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Sir Joseph Dalton Hooker

Biography of Sir Joseph Dalton Hooker

Sir Joseph Dalton Hooker
Sir Joseph Dalton Hooker

(Sir) Joseph Dalton Hooker (1817-1911), son of Sir William Jackson Hooker and born in Halesworth, Suffolk, came to the University of Glasgow to study under his father who was the Regius Professor of Botany (1820-1841). His brother, William Dawson Hooker also attended the University.

Joseph Hooker matriculated at the University of Glasgow in 1831, aged just 14, and he graduated with an MD in 1839, and later with an LLD in 1873. During his MD degree he won first prize in Anatomy for the ‘Best essay on the Structure of the Brain and Nerves’. He was also mentioned in the Prize Lists for Natural Philosophy.

Sir Joseph Dalton Hooker followed in his father’s footsteps and made a serious study of Botany. He was one of the most important British botanists of the nineteenth century and was close friends with Charles Darwin.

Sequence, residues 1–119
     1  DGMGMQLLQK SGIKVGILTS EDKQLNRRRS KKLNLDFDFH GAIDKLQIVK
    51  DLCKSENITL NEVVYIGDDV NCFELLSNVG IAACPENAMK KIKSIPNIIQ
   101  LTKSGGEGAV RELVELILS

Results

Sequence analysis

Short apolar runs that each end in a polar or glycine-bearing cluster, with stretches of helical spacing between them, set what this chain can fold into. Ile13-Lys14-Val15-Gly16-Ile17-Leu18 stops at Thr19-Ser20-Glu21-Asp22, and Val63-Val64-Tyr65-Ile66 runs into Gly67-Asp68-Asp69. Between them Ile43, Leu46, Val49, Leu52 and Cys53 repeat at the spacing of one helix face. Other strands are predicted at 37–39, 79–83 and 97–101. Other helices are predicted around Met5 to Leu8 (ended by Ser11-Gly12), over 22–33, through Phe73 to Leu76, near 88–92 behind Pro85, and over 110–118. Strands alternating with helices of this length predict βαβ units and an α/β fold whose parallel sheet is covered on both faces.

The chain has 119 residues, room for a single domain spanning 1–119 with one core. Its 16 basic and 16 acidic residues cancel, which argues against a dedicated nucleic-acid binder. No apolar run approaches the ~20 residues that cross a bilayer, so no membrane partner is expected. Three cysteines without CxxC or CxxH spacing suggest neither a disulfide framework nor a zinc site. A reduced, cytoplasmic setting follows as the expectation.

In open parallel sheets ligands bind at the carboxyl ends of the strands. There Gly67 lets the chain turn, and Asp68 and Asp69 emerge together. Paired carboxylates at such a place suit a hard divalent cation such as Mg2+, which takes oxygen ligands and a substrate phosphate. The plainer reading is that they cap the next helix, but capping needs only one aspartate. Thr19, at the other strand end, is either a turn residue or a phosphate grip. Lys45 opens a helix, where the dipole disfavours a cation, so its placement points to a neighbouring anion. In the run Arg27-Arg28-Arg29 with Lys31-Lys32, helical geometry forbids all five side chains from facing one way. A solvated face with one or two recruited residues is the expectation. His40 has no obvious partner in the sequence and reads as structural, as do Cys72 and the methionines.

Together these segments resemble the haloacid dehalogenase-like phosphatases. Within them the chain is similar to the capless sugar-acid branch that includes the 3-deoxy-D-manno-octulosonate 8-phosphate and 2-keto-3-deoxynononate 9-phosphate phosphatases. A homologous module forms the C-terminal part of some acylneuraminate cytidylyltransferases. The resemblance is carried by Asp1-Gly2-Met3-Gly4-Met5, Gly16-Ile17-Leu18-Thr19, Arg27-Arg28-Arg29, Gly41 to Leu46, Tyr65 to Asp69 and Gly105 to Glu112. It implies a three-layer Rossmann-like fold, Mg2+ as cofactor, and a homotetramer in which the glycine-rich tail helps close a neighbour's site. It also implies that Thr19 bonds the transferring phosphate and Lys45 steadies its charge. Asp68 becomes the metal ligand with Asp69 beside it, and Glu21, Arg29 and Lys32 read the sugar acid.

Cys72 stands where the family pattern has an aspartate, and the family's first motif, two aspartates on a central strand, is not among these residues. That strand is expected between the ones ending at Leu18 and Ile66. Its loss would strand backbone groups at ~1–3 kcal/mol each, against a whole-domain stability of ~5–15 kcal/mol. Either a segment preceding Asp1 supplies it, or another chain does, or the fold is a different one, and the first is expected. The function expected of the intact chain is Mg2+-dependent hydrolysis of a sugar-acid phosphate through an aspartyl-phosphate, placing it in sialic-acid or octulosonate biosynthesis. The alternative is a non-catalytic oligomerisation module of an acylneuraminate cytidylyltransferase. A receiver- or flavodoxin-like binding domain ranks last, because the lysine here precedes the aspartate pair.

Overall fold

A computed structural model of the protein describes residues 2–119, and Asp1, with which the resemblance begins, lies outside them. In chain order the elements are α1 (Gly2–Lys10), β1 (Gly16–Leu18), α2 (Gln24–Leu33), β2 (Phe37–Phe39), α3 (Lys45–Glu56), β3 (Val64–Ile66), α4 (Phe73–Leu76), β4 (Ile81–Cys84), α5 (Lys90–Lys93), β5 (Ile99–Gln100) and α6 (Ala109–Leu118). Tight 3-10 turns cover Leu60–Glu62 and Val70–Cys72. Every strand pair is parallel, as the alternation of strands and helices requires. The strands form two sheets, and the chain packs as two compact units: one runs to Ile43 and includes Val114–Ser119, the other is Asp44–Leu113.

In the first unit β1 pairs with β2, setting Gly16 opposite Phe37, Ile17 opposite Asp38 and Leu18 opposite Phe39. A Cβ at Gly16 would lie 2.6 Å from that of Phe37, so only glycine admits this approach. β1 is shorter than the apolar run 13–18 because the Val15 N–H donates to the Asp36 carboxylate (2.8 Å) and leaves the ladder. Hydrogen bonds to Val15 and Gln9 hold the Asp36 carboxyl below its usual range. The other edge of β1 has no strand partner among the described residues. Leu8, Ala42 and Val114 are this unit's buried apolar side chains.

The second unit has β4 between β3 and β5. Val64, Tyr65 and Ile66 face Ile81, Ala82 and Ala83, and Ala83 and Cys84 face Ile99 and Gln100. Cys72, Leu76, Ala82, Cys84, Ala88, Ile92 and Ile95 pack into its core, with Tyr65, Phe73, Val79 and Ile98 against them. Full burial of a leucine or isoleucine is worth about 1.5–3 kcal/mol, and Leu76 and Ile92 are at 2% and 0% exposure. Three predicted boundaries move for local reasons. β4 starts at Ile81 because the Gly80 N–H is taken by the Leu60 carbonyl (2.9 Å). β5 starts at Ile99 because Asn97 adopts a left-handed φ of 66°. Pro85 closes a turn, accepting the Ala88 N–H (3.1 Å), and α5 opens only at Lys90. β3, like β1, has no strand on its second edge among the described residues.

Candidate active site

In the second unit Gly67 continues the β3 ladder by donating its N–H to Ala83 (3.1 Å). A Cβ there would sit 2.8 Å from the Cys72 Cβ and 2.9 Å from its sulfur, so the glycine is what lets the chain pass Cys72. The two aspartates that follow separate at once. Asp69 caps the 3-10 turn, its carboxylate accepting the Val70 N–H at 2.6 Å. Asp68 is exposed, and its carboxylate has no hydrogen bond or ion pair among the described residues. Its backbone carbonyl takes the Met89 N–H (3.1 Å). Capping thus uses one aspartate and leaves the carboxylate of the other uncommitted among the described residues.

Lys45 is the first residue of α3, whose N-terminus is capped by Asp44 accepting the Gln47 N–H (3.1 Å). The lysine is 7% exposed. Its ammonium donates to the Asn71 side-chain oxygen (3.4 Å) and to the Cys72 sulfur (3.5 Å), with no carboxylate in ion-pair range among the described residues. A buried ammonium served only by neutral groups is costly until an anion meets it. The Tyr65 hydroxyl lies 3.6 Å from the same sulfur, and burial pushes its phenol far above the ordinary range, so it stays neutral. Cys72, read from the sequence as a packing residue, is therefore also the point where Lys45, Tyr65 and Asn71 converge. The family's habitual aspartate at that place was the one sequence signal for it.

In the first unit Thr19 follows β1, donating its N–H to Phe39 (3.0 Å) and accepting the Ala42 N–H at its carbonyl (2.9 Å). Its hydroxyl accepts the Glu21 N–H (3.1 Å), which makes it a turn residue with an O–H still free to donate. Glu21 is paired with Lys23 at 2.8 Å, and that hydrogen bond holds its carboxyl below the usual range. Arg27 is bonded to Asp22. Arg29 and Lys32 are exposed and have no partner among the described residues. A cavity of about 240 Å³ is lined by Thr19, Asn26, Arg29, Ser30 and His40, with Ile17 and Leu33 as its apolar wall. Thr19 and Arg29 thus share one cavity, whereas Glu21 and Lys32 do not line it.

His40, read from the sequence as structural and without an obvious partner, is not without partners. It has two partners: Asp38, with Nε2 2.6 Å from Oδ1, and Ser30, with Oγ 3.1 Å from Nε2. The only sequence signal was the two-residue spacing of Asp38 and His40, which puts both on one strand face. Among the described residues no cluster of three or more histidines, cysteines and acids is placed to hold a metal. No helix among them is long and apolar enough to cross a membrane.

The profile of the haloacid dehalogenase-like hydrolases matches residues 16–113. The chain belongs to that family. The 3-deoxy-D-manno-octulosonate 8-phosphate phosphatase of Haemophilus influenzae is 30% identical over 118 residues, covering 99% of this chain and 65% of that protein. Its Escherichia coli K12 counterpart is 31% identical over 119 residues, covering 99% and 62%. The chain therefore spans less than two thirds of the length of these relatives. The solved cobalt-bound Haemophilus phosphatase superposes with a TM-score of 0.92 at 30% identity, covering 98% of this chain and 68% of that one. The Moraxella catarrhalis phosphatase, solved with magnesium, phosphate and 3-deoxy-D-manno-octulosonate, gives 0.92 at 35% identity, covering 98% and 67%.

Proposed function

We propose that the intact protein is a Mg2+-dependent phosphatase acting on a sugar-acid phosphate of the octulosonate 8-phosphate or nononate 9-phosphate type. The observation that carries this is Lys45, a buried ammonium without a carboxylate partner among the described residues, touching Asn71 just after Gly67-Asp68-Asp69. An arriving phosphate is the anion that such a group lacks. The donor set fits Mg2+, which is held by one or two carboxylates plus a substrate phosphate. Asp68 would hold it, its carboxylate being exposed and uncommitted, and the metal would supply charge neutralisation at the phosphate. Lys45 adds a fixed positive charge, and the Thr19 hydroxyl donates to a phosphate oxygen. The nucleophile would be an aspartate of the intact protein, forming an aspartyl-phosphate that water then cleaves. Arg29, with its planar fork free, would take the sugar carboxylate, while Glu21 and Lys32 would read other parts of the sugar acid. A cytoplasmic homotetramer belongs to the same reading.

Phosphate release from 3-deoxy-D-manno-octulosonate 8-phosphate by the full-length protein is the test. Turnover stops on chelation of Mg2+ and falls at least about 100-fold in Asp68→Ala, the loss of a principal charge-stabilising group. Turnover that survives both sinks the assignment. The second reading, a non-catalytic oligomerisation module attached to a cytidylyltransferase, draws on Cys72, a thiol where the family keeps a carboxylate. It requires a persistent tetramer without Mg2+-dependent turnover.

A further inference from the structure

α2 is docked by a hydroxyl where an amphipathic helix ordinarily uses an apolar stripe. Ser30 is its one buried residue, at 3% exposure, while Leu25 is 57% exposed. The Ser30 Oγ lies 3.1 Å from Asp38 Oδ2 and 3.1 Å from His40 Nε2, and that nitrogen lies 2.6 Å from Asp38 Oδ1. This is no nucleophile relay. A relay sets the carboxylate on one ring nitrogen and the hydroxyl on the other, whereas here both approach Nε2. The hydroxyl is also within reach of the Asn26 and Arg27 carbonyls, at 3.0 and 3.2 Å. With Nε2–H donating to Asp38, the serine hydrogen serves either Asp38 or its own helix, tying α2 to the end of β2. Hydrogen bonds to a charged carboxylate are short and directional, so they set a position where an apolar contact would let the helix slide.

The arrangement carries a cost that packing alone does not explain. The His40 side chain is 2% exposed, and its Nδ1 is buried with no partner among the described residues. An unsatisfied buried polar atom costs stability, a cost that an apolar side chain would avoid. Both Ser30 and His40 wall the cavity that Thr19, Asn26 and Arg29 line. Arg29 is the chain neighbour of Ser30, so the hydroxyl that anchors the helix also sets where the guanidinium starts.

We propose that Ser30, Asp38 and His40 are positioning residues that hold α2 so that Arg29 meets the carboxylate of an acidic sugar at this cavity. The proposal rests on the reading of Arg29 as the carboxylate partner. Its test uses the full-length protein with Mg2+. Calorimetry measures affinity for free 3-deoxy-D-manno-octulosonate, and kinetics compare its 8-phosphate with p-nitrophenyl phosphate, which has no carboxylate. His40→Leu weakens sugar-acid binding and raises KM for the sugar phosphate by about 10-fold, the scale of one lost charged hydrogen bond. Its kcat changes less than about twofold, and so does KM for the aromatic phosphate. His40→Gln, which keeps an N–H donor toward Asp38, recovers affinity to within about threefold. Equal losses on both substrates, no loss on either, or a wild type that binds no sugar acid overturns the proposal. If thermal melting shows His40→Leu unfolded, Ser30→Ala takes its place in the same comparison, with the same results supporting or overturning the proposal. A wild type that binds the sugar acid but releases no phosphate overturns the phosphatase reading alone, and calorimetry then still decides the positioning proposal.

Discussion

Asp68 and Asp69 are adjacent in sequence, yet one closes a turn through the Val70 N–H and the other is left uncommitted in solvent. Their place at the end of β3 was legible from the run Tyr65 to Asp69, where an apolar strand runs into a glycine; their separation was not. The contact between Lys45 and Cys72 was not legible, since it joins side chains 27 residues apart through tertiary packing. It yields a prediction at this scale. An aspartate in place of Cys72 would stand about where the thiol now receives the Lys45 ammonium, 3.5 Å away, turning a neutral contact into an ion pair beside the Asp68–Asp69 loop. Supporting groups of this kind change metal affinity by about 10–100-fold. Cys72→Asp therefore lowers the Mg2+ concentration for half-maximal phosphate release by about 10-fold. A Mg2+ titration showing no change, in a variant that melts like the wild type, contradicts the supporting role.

His MD qualified him for employment in the Naval Medical service, and this led him to join the celebrated polar explorer, Captain James Clark Ross, on his Antarctic Expedition.

Hooker was a founder of geographical botany and was Assistant Director of the Royal Botanical Gardens, Kew from 1855-1865, then succeeded his father as Director from 1865-1885.

Summary

Sir Joseph Dalton Hooker
Born 30 June 1817.
Died 10 December 1911.
University Link: Alumnus, Graduate
GU Degrees: MD, 1839; LLD, 1873;
Occupation categories: botanists
Record last updated: 15th Dec 2016

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